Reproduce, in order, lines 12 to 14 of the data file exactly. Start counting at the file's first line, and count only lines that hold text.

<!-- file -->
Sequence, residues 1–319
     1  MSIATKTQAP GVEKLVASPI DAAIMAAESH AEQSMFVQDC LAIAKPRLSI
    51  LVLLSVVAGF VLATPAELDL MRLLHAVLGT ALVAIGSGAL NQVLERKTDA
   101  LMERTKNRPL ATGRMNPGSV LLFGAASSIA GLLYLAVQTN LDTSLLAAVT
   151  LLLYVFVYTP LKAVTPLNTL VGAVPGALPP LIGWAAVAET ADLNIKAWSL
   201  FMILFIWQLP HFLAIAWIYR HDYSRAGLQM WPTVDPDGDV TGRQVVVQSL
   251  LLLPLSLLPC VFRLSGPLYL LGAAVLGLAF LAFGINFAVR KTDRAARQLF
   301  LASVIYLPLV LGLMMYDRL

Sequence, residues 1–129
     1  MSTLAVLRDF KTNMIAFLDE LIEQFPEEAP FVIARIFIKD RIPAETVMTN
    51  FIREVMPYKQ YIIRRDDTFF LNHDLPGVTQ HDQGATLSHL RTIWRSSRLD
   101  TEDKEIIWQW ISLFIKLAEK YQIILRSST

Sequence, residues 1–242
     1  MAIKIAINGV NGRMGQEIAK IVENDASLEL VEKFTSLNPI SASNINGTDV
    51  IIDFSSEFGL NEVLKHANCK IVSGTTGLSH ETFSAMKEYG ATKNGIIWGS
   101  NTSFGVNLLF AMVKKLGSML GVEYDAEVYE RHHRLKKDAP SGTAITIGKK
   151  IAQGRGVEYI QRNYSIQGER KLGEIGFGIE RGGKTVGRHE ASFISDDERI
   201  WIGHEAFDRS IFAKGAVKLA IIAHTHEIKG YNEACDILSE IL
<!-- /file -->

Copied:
   101  TEDKEIIWQW ISLFIKLAEK YQIILRSST

Sequence, residues 1–242
     1  MAIKIAINGV NGRMGQEIAK IVENDASLEL VEKFTSLNPI SASNINGTDV